Originally, I was going to have today’s post be something I wrote a month back and pre-scheduled. Then I thought, “The first post back after RWA Nationals? And you’re not going to blog about it? That’s pretty weak.” So I scrapped the other plan and decided to blog what’s on my heart:
Stuff I learned about myself and others, but mostly about myself, at RWA’s 2013 National Convention.
Firstly, most of what I learned was outside of workshops. The match-strike of knowledge may have occurred within a workshop meeting room, but the flame of understanding came later. Realizations were fully formed while sipping over-priced martinis near the bar (not at the bar, because the place was crawling with creepers from another con). Understanding and epiphanies dawned while wandering the halls and finally finding the ice dispenser kept hidden in the depths of the mother ship hotel. Honesty with myself about my writing and the industry finally occurred when standing at the wrong bank of elevators that only go to floors 2 through 17, when I was trying to get to floor 25.
Allow me to explain. This may reveal the odd way in which my mind works, but that’s not really a secret anymore, so what the heck…
- I write (WE write) what we write and it’s defined not by topic or even genre, but by our voice. I may pay $17 for a Grey Goose martini, served in one of those trendy glasses with no stem, and sip it while standing in 5 inch heels OR I may pay $6 for a Goose ‘tini and sip it from a short while sitting at a beach bar in flip flops – but I still know it’s a Grey Goose martini. I know it’s got a twist and not an olive. I know the flavor and voice of that drink, regardless of how it’s mixed or stirred, the presentation or the setting. If Sydney Carroll wrote a historical, I’d still know it was her. If EMichels wrote a rom-com, I’d still know it was her. Genres may change for writers, and often they do (hello, successful JR Ward)…but the way that writer tells a story, any story, is what her readers know and love.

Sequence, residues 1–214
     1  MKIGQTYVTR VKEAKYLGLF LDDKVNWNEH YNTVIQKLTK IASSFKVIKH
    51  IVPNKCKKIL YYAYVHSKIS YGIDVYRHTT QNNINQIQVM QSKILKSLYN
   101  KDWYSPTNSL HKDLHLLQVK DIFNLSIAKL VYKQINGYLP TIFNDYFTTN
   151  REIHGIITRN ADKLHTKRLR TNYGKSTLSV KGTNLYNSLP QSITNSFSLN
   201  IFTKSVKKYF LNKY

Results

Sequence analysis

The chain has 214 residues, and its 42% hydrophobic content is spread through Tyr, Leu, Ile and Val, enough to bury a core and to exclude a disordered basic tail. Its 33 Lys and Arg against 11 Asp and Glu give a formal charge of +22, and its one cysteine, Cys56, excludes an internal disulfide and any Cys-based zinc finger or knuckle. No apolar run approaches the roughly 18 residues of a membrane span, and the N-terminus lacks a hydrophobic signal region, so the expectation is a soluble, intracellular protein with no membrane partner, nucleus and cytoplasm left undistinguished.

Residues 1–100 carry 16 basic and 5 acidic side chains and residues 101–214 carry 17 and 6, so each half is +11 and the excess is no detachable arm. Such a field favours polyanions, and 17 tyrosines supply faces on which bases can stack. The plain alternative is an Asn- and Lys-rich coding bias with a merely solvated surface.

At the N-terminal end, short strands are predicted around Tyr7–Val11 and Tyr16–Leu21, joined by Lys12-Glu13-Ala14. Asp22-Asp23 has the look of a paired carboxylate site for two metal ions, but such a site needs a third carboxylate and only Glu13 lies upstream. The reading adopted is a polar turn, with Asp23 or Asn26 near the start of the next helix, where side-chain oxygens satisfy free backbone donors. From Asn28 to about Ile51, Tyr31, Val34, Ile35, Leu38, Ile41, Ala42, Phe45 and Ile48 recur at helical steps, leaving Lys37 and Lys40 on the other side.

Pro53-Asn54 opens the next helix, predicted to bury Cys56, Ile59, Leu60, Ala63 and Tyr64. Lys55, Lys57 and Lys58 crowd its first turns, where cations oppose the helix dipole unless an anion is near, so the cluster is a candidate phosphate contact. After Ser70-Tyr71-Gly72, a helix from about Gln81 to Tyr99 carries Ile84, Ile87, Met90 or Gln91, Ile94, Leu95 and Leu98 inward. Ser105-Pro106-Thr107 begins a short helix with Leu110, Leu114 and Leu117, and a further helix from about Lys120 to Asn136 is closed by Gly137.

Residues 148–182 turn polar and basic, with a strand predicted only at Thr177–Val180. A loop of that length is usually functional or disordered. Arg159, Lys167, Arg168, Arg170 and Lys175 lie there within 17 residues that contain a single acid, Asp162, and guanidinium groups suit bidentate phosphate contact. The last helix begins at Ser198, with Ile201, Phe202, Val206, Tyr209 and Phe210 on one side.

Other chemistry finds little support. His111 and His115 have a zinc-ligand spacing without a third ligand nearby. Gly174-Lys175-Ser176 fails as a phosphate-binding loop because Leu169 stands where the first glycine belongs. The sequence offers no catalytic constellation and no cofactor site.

- Sometimes, not really knowing where you’re going or what you’re doing, results in you finding what you didn’t know you were missing in the first place. I’ve been at a crossroads – no, honestly it’s more like a stalemate – with my writing lately. A combination of too many ideas, too little time, a little too much rejection, and a whole lot of real life crap has left me floundering. I had to admit to myself that I am lost and struggling. This is hard for an alpha female (no longer in denial about my alpha female traits) when I normally know exactly what I want and where I’m going. But you know what? I’m nothing if not keeping it real, so yeah – I’ve been friggin lost! However, I figured that out last week. I realized why I’ve floundered and what I’d lost that makes writing fun and very much therapeutic for me. I hadn’t even realized I’d lost it, until I found it again. Now I am working toward fixing this err.
- You can keep trying to get to the 25th floor at the bank of elevators that only go to 2 through 17, but it’s not going to happen. Not unless you know a special trick about going to the 10th floor and switching elevators up there. In more writer related terms: you may want to get your dystopian YA published next month, but unless you’ve already written and polished the next great Hunger Games (yet totally different of course), it’s highly unlikely to happen. It’s not impossible, but almost. I had a very honest, open, refreshingly frank discussion with an editor from one of the big 6 (now 5?), not about trends, but about what’s not happening.
What did I learn? If you have a shiny new adult, historical, or erotic contemporary tale ready to submit – NOW is your time to shine baby! Y’all better get out there and submit, submit, submit! If you have a paranormal romance or dystopian YA…good luck and bless your heart. Again, it’s not impossible, but it may be beat your head against a wall impossiblaaaah. And hey, I’m right there with ya, so I say bless heart without any condescension. Plus, markets change all the time, so chin up!
At Conference, I gained invaluable insight into my writing, writing in general, other writers, and the industry over all, but not in the ways I’d expected. I encourage every romance writer to attend the National Conference – at least once – because it’s an experience not to be missed. Besides, you won’t know what you’re missing until you attend and realize what you’ve missed!
Thank you for all of it #RWA13!